Traditional key ratios like cash flow, growth rates etc. are good enough for many fund managers to substantiate a purchase decision. That is not the case at Erste AM: here, we take many additional factors relating to sustainability into account.
High cash flows, low debt, strong growth rates, and an attractive coupon, complemented by market leadership in the domestic market and competitive advantage due to very low production costs. Most traditional fund managers would have all the reasons they needed to buy this share or bond. However, it is not by accident that Erste AM has one of the biggest sustainability teams in the German-speaking region, so numerous additional questions need to be answered first:
- How does the poultry producer fare with its employees and the local community?
- What about animal welfare and the disposal of wastewater and animal faeces?
- Does the company have an independent Supervisory/Advisory Board, does it run an aggressive tax savings programme?
Intensive research has revealed that numerous NGOs have levied severe, such as the contamination of groundwater. And the local population gets surrounded by large factories rather than involved in the expansion plans.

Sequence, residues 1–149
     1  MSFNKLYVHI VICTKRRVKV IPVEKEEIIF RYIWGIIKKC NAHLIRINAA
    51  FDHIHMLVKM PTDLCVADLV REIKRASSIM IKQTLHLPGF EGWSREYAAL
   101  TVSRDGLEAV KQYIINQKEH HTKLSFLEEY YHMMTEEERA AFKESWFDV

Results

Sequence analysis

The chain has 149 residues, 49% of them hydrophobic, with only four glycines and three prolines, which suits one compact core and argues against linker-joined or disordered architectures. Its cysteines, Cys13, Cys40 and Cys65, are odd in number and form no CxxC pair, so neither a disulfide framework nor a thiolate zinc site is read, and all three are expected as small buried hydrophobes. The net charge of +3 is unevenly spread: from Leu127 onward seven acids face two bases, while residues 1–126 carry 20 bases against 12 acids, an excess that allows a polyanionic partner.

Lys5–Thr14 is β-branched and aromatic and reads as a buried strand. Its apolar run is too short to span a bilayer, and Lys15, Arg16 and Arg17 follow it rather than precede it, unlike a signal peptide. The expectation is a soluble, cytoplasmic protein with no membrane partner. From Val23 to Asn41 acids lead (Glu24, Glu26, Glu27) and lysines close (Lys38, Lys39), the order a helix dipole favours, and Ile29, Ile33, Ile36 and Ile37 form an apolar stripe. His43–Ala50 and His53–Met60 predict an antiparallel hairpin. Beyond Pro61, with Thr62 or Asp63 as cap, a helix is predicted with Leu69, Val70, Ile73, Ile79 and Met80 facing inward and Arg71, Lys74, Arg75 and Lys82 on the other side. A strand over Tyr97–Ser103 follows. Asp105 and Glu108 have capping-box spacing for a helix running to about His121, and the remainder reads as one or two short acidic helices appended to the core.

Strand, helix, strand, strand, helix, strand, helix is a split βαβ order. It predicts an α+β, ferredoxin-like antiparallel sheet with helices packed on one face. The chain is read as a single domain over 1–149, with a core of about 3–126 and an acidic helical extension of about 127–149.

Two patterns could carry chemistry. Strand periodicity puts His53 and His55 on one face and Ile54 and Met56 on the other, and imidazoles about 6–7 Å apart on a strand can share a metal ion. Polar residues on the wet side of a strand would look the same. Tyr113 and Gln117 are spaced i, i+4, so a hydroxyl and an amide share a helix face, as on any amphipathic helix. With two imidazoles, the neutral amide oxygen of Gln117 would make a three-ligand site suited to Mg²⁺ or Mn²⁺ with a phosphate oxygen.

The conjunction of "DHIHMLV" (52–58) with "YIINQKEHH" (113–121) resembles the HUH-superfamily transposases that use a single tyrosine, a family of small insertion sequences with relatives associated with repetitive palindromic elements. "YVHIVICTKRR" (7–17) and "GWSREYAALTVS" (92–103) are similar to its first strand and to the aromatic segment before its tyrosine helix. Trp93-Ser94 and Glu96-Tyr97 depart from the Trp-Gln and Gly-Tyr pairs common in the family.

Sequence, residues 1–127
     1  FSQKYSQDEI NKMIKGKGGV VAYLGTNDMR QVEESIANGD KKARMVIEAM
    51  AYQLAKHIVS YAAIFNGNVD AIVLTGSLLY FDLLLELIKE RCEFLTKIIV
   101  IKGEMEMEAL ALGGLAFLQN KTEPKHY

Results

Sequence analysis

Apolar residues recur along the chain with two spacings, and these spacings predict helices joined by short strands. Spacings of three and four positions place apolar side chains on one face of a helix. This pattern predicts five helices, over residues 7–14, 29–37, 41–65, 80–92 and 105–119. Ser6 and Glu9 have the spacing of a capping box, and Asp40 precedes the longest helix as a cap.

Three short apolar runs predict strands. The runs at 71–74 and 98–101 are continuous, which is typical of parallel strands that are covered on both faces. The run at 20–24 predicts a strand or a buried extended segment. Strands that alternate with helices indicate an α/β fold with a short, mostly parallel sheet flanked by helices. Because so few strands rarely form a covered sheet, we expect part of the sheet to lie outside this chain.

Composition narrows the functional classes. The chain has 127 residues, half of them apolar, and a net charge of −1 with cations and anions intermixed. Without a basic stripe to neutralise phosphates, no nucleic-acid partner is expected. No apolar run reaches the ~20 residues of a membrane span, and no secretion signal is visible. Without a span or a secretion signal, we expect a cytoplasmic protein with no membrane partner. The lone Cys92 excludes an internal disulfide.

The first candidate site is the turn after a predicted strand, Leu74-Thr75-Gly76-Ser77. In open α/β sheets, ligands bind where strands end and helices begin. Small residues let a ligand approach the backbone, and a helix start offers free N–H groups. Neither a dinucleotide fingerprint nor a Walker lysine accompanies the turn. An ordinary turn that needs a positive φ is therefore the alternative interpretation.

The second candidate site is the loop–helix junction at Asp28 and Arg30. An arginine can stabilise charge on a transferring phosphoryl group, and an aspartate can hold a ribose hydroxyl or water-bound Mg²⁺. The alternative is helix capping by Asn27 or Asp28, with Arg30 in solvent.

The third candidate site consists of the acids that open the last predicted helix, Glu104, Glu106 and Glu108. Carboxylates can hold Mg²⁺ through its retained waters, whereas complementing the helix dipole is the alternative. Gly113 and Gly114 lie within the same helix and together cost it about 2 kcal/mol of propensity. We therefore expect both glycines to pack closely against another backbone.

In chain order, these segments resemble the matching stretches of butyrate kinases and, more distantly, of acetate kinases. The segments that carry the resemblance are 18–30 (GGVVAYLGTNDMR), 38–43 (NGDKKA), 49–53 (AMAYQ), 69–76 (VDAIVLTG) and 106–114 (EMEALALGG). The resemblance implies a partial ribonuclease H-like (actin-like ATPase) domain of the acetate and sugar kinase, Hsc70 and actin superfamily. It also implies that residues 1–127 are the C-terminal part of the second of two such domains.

This does not only cause odour nuisance, but also heavy traffic by chicken trucks. Rumours are that those who protested were being bullied. The company is domiciled in the tax heaven Cyprus. More than enough reasons for the ESG analysts of Erste AM to qualify the company as non-investable.
Bones in the chicken breast
Two years on, new research as part of the regular ESG updates of the covered companies has revealed that there is more than the proverbial bone to pick with this company. The ESG analysts of Erste AM found an entire bone in the chicken breast. What is this all about?
Non-EU companies are subject to strict import quotas as far as chicken breasts are concerned. However, these quotas do not apply to inferior meat such as chicken breasts that have not been fully trimmed of their bones. But if this meat is imported into the EU and the bone is subsequently removed there, the inferior Ukrainian chicken meat suddenly turns into an EU-produced chicken breast. This is clearly not in line with the intentions of the legislator.
More than just a search for the hair in the soup
An ESG analysis is of course much more than just a search for the hair in the soup. It is also about uncovering opportunities, like AUGA Group shows convincingly – a company we introduce in a separate article of this ESG Letter. In order to be able to identify these opportunities and risks, one needs experienced ESG analysts who are not only capable of asking critical questions, but also the right ones.
Another requirement are fund managers with the expertise and enthusiasm to work with these additional pieces of ESG input and to integrate them into their investment process. I am humbled and at the same time very proud to take over as head of the ESG team, which has proven over the past years that it has all the above-mentioned characteristics under one umbrella.
Prognoses are no reliable indicator for future performance.